BRUNFELS, OTTO. Herbarum vivae eicones [vol. 1]. Strassburg: Johann Schott 1530.
Median folio, 317 x 210mm. (12 1/2 x 8 1/4 in.), original vellum flap binding, modern flyleaves, short tear with old stitching repair to upper cover, title marginally soiled, 3-inch tear to d3, one or two marginal tears, repaired marginal worm track from A2 to the end, small stain to lower fore-corners of some leaves, occasional very light foxing.
Collation and contents as in Hunt I, 30 (second edition). 170 leaves (including b4 and G6 blank), with pagination and signatures. Roman type, German plant names in gothic type. Shoulder-notes. Title printed in red and black within woodcut allegorical border, full-page coat of arms of Strassburg on A4v printed in red and black, text of a1r, c1r and C1v within the same ornamental woodcut border, several large historiated woodcut initials, head- and tail-pieces, and 86 WOODCUTS BY HANS WEIDITZ, most full-page.
FIRST EDITION OF THE FIRST BOTANICAL BOOK TO CONTAIN REALISTIC AND ACCURATE ILLUSTRATIONS. Brunfels has been called the "first great mind in modern botany" (Hunt), but this honor is due less to his still quite traditional text than to his choice of illustrator and his insistence that the illustrations be "living portraits of plants". The magnificent woodcuts, possibly executed by Weiditz himself, were taken from watercolors drawn directly from nature (77 of which are preserved in the Platter Herbarium in Bern). "The plants were keenly observed and drawn with a vigorous realism that sometimes went beyond the needs of botany. If a plant had a broken stem or a worm-eaten leaf, that was the way it was shown. Except for an occasional excess, Weiditz had a superb grasp of plant structure" (Anderson, An Illustrated History of the Herbals, p. 122). "A whole world separates these vigorous, well-observed drawings from even the best figures in the German Herbarius [ie., the Gart der Gesundheit] of 1485. We are reminded at once of Dürer, and much of Weiditz's work has in fact been falsely attributed at one time or another to that great master, or to Burgkmair" (Blunt, p. 47).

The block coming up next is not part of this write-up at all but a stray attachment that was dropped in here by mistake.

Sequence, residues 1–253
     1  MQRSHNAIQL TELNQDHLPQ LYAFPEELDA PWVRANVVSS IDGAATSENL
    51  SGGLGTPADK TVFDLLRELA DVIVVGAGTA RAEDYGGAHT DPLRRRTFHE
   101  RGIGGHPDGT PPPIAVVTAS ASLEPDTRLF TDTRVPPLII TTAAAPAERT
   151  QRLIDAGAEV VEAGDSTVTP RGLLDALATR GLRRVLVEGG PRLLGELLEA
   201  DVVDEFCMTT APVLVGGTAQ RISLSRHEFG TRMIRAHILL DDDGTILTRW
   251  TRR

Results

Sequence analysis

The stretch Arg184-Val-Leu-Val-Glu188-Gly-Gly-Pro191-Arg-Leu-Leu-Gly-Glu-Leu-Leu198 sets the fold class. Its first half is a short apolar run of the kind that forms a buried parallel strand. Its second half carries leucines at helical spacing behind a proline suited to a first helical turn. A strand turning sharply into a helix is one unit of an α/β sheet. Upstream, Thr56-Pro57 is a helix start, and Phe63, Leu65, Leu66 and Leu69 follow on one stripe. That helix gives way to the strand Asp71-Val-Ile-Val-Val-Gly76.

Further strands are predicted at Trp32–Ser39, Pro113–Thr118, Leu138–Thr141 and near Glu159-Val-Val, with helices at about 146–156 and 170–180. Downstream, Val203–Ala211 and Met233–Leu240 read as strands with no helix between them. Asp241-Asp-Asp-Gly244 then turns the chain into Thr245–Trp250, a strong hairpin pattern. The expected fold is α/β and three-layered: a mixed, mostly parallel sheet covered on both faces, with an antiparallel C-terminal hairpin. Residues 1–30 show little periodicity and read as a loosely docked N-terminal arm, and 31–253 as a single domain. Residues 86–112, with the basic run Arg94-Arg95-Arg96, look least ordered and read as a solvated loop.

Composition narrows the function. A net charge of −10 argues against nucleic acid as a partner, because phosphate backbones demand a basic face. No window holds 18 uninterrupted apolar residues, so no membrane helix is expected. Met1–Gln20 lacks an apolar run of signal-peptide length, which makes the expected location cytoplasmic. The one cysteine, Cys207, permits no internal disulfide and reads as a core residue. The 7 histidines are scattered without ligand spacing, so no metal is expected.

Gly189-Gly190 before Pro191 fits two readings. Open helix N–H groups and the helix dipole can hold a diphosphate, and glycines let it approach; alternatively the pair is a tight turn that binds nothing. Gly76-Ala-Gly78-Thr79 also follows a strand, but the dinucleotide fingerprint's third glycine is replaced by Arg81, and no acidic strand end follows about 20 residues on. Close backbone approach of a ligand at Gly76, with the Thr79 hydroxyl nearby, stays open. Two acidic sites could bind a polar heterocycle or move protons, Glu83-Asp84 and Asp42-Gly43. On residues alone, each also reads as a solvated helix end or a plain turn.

This first edition was followed by a second volume, published in 1531-32, and a third volume, in 1536-39 (the third volume published after Brunfels's death and illustrated after different artists). All three volumes were followed by several reeditions. The second edition of vol. 1 (see following lot) was a nearly exact page for page reprint of this much rarer first edition. Weiditz's cuts were copied by Christian Egenolph in Frankfurt, who included them in his 1533 edition of Eucharius Rösslin's Kreutterbuch, but Schott sued successfully for recovery of the pirate blocks and actually used them in 1534 for an edition of his own, whimsically entitled Kreutterbuch Contrafayt.
Adams B2923 (2 copies, both imperfect); Blunt p. 45-48; Blunt and Raphael, pp. 120-123; Hunt I, 30 (later editions, cf. p. 40); Nissen BBI 257 Ia; Stafleu TL-2 852; Stillwell Science IV, 606; Ahumada 27.
Provenance: "Ad cardo benedictus 1559", inscription inside upper cover; title inscription "Ad usum Joannis Slinghe (?)", a few marginalia in the same hand; neat annotations in an early hand in two shades of brown ink, giving French plant names; watermark traced in ink on final blank leaf; Juan Carlos Ahumada, bookplate and ink stamp in margin of title; the present owner.